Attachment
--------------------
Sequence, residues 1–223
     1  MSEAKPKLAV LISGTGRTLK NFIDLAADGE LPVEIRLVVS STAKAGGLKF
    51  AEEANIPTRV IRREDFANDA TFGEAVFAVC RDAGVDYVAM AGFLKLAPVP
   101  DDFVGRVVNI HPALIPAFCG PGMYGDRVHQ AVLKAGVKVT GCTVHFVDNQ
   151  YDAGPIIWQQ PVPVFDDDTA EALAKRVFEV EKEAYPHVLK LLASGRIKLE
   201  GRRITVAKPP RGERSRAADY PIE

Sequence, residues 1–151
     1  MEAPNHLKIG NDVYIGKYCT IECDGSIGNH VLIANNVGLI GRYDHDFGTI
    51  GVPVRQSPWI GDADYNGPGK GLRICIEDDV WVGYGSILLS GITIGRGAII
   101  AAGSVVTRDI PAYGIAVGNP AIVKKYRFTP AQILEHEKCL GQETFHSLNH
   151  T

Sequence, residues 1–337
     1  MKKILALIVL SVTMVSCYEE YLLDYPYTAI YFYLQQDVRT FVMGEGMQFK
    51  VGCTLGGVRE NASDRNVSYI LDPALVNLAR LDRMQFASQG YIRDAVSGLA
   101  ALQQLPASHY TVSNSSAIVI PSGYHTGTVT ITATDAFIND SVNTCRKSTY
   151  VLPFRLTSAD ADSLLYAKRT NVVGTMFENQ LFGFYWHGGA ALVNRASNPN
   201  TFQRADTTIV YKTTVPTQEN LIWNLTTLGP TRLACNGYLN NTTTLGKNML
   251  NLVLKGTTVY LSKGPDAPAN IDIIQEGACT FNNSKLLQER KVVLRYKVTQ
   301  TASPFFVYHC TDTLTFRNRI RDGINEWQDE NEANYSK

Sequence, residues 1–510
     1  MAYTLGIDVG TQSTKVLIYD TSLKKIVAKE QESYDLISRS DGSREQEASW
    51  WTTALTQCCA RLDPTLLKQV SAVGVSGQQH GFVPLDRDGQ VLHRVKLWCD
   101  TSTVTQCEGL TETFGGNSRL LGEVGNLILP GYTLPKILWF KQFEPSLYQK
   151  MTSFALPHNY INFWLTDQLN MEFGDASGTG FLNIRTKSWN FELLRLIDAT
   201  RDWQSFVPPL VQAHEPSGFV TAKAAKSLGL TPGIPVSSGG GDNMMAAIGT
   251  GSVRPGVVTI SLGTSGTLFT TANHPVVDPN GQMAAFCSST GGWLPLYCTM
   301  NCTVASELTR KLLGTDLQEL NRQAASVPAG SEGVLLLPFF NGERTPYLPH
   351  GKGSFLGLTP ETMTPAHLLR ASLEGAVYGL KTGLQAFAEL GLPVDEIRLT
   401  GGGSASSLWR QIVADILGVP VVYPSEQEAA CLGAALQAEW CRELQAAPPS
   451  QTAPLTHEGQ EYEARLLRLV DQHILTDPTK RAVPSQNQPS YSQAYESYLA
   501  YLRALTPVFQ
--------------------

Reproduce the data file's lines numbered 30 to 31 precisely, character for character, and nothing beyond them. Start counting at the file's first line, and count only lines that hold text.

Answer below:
   451  QTAPLTHEGQ EYEARLLRLV DQHILTDPTK RAVPSQNQPS YSQAYESYLA
   501  YLRALTPVFQ